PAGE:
Photography and digital image manipulation

Slow photography – a contemplative approach with Tracy Calder

Ref: SWE09185


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About this course

Experience the creative potential of a clear, quiet mind with a slow approach to image-making. Through a series of photographic exercises take unique, purposeful pictures. The ideal antidote to photographer's block.

Course Description

Experience the creative potential of a clear, quiet mind with a slow approach to image-making. Through a series of photographic exercises we will explore the world around us with new eyes, leading to unique, purposeful pictures. This course is the ideal antidote to photographer's block.

Some of the words we use to describe photography can be quite forceful: we 'take' a picture, 'fire' the shutter or 'shoot' a frame - but when we learn to appreciate the act of making a picture as much as the end result the by-product is often greater perception, improved focus, and a general sense of fulfilment. With the mind calm and clear, unique, purposeful pictures are created.

Through a series of short photographic exercises we will adopt a mindful approach to photography, looking at themes such as positive and negative space, boredom, breaking the rules of composition, adopting a beginner's mind, interconnectedness, and the subtleties of light. Our approach will be slow and deliberate, with plenty of time for discussion.

When we become mindful we create a gap in the thinking process, allowing flashes of perception to rise to the surface. We will learn how to recognise and extend these gaps, resulting in a deeper appreciation of the present moment, and more satisfying photographs.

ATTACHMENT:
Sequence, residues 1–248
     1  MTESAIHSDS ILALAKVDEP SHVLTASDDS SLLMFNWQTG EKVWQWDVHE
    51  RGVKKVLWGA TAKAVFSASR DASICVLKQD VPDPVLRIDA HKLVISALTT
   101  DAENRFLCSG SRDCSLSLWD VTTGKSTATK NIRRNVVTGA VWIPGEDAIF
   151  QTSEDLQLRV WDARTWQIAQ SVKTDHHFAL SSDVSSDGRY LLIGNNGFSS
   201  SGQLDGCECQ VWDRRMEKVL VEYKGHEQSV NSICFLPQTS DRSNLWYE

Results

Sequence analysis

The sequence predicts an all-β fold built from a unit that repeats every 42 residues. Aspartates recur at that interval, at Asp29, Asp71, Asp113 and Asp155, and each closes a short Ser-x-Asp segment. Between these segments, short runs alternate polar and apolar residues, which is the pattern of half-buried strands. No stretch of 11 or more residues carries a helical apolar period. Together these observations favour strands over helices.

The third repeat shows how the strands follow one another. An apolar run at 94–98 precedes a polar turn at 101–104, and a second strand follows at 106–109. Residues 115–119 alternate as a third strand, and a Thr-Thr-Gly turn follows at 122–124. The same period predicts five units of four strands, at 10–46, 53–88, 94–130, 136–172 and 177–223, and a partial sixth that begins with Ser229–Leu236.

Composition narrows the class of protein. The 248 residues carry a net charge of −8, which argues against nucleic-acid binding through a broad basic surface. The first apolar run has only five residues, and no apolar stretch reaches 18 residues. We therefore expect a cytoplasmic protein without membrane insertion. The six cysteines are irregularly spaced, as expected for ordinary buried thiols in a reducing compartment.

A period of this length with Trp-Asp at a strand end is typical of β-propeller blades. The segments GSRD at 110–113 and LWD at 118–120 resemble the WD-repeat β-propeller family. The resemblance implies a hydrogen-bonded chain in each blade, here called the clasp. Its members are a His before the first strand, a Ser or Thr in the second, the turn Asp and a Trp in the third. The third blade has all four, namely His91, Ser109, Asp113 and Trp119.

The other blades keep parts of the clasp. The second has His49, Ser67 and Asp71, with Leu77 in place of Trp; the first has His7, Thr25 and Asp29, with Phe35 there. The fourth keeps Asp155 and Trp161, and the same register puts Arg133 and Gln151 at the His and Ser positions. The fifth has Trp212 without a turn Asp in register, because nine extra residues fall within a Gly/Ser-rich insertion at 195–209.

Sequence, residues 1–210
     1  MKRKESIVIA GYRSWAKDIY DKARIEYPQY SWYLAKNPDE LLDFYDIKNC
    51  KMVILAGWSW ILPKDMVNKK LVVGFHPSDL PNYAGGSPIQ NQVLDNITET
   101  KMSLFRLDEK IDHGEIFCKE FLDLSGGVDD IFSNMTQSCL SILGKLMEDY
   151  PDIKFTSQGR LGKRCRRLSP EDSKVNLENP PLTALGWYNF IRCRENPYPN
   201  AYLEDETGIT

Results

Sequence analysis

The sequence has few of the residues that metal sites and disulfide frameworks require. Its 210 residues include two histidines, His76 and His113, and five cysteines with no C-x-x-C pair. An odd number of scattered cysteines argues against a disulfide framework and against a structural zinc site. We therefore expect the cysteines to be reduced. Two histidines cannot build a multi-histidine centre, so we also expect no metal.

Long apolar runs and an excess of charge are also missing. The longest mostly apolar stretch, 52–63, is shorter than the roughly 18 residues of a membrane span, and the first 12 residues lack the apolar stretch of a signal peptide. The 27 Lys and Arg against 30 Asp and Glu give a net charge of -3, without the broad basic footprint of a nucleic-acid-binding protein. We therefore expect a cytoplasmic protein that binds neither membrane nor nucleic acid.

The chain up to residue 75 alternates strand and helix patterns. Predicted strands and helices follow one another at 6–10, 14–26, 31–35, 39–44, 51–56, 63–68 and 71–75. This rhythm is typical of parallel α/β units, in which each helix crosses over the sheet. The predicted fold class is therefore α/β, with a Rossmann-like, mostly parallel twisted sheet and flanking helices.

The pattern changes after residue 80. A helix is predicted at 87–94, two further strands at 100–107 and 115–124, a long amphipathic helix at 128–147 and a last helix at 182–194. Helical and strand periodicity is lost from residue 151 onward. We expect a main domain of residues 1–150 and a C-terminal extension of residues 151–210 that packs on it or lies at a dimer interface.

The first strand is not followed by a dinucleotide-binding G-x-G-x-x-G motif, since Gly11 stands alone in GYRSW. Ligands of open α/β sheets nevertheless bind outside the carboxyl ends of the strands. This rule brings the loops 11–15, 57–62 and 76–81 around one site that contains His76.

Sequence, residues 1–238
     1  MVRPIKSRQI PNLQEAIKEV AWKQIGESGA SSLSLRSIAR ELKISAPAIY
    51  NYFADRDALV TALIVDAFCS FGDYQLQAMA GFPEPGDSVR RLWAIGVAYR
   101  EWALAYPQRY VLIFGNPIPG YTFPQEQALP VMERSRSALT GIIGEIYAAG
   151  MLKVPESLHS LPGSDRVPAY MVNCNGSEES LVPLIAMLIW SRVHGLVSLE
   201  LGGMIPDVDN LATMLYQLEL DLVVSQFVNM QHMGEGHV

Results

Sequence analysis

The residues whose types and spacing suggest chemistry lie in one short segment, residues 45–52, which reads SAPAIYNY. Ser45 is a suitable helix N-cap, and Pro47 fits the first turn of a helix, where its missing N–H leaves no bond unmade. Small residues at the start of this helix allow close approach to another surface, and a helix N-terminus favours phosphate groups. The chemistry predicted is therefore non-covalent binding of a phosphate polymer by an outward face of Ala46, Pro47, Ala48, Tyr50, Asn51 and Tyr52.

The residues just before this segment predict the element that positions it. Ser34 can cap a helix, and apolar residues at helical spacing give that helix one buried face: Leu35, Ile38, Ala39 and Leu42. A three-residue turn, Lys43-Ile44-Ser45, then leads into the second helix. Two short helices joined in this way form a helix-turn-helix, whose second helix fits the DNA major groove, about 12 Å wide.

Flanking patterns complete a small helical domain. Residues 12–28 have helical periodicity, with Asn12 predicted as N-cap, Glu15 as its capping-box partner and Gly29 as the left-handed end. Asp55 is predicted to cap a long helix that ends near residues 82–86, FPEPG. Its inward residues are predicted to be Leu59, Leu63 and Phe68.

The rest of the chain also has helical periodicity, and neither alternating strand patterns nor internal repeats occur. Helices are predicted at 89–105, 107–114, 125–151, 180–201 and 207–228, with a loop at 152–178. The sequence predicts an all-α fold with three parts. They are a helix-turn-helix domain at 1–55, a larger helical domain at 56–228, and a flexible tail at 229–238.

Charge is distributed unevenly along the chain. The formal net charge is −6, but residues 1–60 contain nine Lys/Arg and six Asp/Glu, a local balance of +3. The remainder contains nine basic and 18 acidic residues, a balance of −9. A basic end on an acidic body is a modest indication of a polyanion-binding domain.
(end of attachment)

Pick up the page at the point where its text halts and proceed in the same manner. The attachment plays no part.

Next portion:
To succeed on this course:

Students need to have a basic understanding of camera controls, and should be able to sit for short periods (10 minutes or so) outside, so please bring appropriate clothing. Seating will be provided (by the tutor).


Arrival Day - this is the first date listed above

Courses start early evening. Residential students to arrive from 4pm, non-residential students to arrive by 6.45pm.

6.45pm: Welcome, followed by dinner (included).

8 - 9pm: First teaching session, attendance is essential.

Daily timetable

Classes 9.15 - 5pm, lunch is included.

From 6.30pm: Dinner (included for residential students).

Evening working - students may have access to workshops, but only with their tutor's permission and provided any health and safety guidelines are observed.

Last day

Classes 9.15am - 3pm, lunch is included.

Residential students are to vacate their rooms by 10am please.

(This timetable is for courses of more than one day in length. The tutor may make slight variations)

Course Materials

What students need to bring

  • You are required to bring a fully working digital camera and lens (any focal length), charged battery (and preferably a spare), battery charger, plenty of clear memory cards, and suitable clothing for outdoor sessions (preferably warm, waterproof trousers and walking boots or waterproof shoes).
  • You need to be familiar with using a computer as while instruction will be given on getting to grips with imaging software, the course will not teach basic computer skills.
  • Please bring the above, and in addition:
  • Camera/phone-to-computer cables, camera instruction manual (if available)
  • Tripod (if available)
  • Any accessories you commonly use for photography
  • Pen and paper
  • USB stick

Available to buy

  • Available from shop:
  • USB memory sticks


Tracy Calder

Tracy Hallett is a former editor of Outdoor Photography magazine, and currently works as Technique Editor at Amateur Photographer magazine. She has written various photography books, including Close-up & Macro Photography (which was recently translated into Chinese and French). Her work has been exhibited at The Photographers' Gallery and the National Portrait Gallery in London.


Residential option available. Find out accommodation costs and how to book here.

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